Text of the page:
In February 2015, Casey Cline was convicted of sexual assault of a child in Sarpy County, Ne. (A third degree Felony)  Even though a great many pages of documents were submitted to Sarpy County Judge Zastera proving that Cline had been physically and emotionally abusive for more than 10 years before he was arrested, the judge allowed Cline to plead guilty to a lesser charge of misdemeanor sexual assault and only sentenced him to two years probation and register as a sex offender.

Ten days after Cline was released on probation he was arrested again in Plattsmouth, Ne. on charges of child abuse—after throwing his daughter across a room and into a wall. The children were removed from the home and placed in foster care.

At Cline’s hearing on the child abuse charges Judge John Steinheider of Plattsmouth released Cline on a signature bond and also allowed him to have contact with his children! At his sentencing June 11th, Cline’s pre-sentencing report (PSR) stated that Cline was also charged with child abuse in two different states. In spite of the fact that the PSR revealed that Cline has a 15 year history of abuse, his public defender still recommended that Cline be given probation again and have contact with his children claiming that the children were in no danger!

Fortunately, this time the judge did not agree with the public defender and sentenced Cline to 180 days in the Cass County jail.

Cline is still awaiting sentencing on probation violations in Sarpy County—for being in possession of weapons, drug paraphernalia and pornographic material, and use of alcohol and K-2 Synthetic Marijuana while on probation.

Many communities wonder why individuals with such long histories of law breaking have not received longer and stiffer sentences. One of the reasons given is that sentencing offenders to probation or holding them in local jails is less expensive than sending them to the over-crowded state prisons. But this shift called “realignment” isn’t really saving much money—And public safety is put at risk as a result.

Biblical Criminal Justice

Imprisonment is littered throughout Scripture. As a young man, Joseph was thrown into prison in Egypt. (Gen. 39:20) Samson, after having his eyes put out, was made to work in a grinding mill prison house of the Philistines, (Jdg. 16:21) and Jeremiah spent many of his days in the “court of the prison”. (Jer. 32:2)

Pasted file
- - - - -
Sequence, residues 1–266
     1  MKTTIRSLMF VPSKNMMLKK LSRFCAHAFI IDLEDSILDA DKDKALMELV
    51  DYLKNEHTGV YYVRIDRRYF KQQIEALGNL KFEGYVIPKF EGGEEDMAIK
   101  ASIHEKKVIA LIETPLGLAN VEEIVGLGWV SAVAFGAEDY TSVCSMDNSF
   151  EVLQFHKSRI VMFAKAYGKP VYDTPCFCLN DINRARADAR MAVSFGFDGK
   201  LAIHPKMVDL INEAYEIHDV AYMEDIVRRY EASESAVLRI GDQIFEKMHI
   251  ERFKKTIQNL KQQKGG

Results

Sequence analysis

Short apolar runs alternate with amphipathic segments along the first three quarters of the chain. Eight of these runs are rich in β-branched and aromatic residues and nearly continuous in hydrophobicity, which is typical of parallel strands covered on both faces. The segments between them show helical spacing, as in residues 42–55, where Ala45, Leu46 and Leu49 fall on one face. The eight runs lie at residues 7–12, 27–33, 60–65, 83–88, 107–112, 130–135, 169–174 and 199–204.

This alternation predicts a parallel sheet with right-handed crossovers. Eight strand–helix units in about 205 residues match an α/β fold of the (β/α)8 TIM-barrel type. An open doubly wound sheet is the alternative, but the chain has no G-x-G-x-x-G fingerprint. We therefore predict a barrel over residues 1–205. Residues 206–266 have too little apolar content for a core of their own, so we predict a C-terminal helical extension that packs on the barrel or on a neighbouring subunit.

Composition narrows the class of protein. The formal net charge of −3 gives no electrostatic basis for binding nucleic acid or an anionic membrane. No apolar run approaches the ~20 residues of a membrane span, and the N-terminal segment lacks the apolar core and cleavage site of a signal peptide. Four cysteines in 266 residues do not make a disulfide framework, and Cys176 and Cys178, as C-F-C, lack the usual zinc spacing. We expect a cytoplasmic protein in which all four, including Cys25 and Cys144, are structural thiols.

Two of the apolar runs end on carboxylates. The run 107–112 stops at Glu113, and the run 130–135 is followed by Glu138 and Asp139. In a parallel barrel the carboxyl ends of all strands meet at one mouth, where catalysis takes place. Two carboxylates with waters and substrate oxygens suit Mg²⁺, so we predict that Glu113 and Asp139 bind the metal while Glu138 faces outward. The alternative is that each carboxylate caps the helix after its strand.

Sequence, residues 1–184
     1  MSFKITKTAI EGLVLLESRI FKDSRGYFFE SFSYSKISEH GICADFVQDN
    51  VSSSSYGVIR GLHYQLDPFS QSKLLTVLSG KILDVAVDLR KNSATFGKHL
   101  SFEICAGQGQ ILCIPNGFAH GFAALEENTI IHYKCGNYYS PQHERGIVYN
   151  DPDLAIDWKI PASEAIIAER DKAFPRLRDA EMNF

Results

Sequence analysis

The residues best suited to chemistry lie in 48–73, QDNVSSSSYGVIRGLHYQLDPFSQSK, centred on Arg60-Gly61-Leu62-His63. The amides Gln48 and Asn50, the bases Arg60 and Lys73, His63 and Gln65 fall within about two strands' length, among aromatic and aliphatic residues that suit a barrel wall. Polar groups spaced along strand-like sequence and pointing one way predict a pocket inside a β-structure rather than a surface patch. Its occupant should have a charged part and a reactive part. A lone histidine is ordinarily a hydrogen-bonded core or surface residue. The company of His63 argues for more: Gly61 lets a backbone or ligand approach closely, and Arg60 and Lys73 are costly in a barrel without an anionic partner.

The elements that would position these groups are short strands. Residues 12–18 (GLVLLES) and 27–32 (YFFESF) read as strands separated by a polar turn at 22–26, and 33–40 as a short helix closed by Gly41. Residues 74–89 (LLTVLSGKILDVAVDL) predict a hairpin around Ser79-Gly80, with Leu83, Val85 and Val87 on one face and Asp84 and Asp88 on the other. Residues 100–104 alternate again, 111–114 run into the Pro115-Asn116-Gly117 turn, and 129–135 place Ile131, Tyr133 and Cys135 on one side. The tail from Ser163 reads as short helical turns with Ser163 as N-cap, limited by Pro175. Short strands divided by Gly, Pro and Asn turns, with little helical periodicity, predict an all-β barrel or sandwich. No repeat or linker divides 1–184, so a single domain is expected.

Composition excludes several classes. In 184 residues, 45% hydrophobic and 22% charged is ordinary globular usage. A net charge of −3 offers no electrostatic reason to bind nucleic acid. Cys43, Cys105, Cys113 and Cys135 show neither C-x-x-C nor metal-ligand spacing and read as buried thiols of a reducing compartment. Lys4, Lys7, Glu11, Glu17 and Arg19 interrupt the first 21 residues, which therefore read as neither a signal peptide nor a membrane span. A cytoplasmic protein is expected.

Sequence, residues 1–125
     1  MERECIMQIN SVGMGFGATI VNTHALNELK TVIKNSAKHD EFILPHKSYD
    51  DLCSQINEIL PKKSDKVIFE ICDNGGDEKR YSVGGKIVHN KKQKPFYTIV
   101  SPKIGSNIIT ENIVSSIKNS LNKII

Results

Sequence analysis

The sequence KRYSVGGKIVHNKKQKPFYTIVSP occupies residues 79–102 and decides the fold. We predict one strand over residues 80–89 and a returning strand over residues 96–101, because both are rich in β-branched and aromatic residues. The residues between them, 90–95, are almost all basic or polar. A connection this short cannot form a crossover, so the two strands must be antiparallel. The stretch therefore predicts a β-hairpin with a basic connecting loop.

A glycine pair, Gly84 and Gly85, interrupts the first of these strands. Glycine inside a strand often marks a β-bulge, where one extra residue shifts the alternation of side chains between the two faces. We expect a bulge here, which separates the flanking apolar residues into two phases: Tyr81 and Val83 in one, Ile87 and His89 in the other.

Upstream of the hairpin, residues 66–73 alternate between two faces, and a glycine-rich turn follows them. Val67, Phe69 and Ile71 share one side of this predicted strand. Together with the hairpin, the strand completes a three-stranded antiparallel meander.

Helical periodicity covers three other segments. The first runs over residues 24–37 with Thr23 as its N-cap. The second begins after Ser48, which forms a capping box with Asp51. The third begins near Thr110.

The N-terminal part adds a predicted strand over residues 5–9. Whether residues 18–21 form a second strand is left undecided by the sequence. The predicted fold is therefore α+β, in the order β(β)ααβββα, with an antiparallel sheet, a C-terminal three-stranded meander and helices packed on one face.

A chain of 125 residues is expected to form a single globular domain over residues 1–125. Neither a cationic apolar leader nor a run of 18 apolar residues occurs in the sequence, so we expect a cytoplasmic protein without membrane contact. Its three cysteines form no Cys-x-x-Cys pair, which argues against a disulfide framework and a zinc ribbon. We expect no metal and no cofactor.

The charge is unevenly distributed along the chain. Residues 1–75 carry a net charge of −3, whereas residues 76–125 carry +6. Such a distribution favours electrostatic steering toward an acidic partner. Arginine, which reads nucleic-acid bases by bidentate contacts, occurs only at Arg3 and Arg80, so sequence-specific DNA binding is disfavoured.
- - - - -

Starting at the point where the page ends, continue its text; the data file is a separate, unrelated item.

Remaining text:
Also, throughout the New Testament, men such as Paul, James, John the Baptist, and Peter were incarcerated.

Prisons, however, are not God’s way of dealing with crime. The above examples all occurred in nations not governed by God.

When Israel was led out of Egypt, God gave the nation a civil code of laws that would cause the Gentiles to view Israel as a “great nation” that was both “wise and understanding”. (Deut. 4:6)  God included no provision for prisons. Instead, there were swift and sure punishments for each broken law.

In contrast to America’s current prison system, a broken law generally resulted in a predetermined punishment—with no gray areas. Once a man was sentenced, the punishment was quickly and publicly carried out—often with citizens helping to execute sentences.

In the 21st century, however, what and how long a sentence should be are often determined by how good the defendant’s lawyer is. (And the defendant’s ability to pay the higher cost) For the same offense, one man may receive years in prison, while another only a few months—or even none at all!

United States prisons cannot produce real rehabilitation or change in inmates because modern prison systems are not based upon God’s Law, but rather the ideas of man. Because of this, prisons cannot get to the core problem of crime—human nature!

Establishing a New System

The Bible reveals that all of mankind’s systems of government will one day be wiped away. This will happen at the return of Jesus the Messiah, which is detailed throughout God’s Word.  “In the time of those kings, the God of heaven will set up a kingdom that will never be destroyed, nor will it be left to another people. It will crush all those kingdoms and bring them to an end, but it will itself endure forever.” (Dan. 2:44)

Unlike our current government system, the kingdom of God will not be “left to another people”— it will not be based upon the ideas of man. This government—the kingdom of God—will be built upon God’s Law, which will be administered perfectly. This newly established kingdom will solve mankind’s most persistent problems, which stem from its flawed systems and governments.

That is our great hope—when the Earth will one day be free from man’s broken system of justice and be replaced with a system ruled by God’s Law.